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17 July 2019
By DEAN LAWSON
Ararat municipal leader Tim Harrison is confident the region is well placed to exploit growth opportunities generated by large renewable-energy farms in the region.
Dr Harrison, Ararat Rural City Council chief executive, said a push to expand renewable-energy generation in Victoria had the potential to open the door to a raft of fresh development projects.
He said the Grampians region, which included Ararat, was generating an enormous amount of energy for the national electricity grid via wind farms and it was logical to consider ways to tap into the resource before it left the region.
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“Our part of the world is generating a valuable product that everyone wants and needs. Why not consider this product as the foundation for a value-adding concept that attracts industry?” he said.
“We’re making electricity here and I can’t help but wonder about the extent of the potential of what we’re producing in our own back yards.
“The door is open to explore with stakeholders the benefits and opportunities that might exist with some clever thinking, planning and collaboration.”
Dr Harrison said the idea of using a home-grown resource to stimulate a regional economy was obvious and far from new.
“It’s actually a no-brainer. Just think about all the industries that would love the opportunity to tap into readily available, efficient and relatively cheap power that they could work into a business case where there were benefits, not only financially, but also socially and environmentally. It would tick a lot of boxes,” he said.
“For example, we know data centres and warehouses, that are basically the backbone of the cloud-based digital economy, consume large amounts of electricity.
“We also know they generate the types of high-value jobs we desperately need in regional communities.
“These data centres are probably getting to a stage where it is inappropriate for them to be based in high-density, built-up areas when regional solutions are beckoning.
“And it doesn’t just stop there. There are so many industries that are looking for ways where they can tap into value-adding formulas to make production viable and profitable.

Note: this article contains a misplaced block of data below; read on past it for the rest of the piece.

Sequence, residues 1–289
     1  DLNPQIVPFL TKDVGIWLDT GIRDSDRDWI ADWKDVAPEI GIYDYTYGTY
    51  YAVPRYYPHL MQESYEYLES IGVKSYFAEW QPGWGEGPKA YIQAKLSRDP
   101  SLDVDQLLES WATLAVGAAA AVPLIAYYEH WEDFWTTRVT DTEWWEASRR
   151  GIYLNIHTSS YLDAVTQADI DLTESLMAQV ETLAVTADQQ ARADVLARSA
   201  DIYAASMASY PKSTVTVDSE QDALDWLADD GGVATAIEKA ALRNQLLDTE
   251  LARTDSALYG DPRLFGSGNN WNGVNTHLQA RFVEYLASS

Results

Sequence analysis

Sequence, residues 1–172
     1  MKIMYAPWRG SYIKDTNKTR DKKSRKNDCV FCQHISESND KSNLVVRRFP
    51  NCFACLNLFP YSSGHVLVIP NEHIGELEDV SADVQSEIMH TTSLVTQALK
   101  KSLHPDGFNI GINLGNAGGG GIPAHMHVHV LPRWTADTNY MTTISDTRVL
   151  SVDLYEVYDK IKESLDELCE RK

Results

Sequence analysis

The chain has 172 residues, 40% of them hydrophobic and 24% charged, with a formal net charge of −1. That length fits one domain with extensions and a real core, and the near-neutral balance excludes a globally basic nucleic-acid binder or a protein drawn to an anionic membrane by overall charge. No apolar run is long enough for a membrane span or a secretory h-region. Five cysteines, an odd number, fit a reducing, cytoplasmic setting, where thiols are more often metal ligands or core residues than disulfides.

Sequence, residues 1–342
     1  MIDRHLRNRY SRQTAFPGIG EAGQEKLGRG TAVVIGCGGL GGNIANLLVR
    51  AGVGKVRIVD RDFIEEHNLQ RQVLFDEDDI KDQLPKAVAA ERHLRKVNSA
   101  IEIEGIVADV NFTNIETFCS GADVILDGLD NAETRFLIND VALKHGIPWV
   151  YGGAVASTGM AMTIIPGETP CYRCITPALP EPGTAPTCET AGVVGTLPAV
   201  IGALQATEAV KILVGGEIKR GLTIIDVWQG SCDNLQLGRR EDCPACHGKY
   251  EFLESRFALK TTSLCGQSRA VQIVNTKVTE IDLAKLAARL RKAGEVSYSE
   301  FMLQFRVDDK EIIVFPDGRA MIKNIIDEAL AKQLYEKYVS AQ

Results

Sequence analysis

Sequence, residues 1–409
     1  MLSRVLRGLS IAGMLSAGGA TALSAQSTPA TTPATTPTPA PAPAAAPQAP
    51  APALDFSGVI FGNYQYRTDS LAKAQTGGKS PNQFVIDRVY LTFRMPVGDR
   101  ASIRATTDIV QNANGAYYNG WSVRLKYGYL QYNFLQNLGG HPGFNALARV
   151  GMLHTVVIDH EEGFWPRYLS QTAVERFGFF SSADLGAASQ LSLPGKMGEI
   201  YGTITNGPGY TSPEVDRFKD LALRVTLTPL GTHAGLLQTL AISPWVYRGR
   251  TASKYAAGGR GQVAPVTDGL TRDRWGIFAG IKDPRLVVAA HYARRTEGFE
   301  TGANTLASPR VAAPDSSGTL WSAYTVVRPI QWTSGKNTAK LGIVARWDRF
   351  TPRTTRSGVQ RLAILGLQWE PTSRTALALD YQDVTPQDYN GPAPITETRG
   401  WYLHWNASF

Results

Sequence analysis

“This is about creating the incentives and opportunities that everyone talks about in attracting people to regional areas.”
Dr Harrison said the region was already seeing an example of this concept unfolding near Great Western through the development of Bulgana Green Power Hub.
“It’s emerging as a potential blueprint and is rightly capturing attention,” he said.
“Renewable energy is going to get generated there while at the same time, connective on-site industry through Nectar farms equates to feet-on-the-ground employment and growth.
“The Bulgana example zeroes in on one particular industry, but the reality is that there are many industrial opportunities available and they are limited only by imagination.”
Dr Harrison said Ararat was in a strong position to capitalise on this type of regional concept.
“The city is relatively close to Melbourne, is on a primary electrical transmission line, is home to a community that embraces new technologies and is rapidly developing its manufacturing sector when other parts of the country are struggling,” he said.
“When you start joining the dots and start thinking this way, a clear picture of opportunity starts to emerge.”
Dr Harrison said he planned to discuss the concept in greater depth with Ararat council, regional business and development and government leaders.
The entire July 17, 2019 edition of The Weekly Advertiser is available online. READ IT HERE!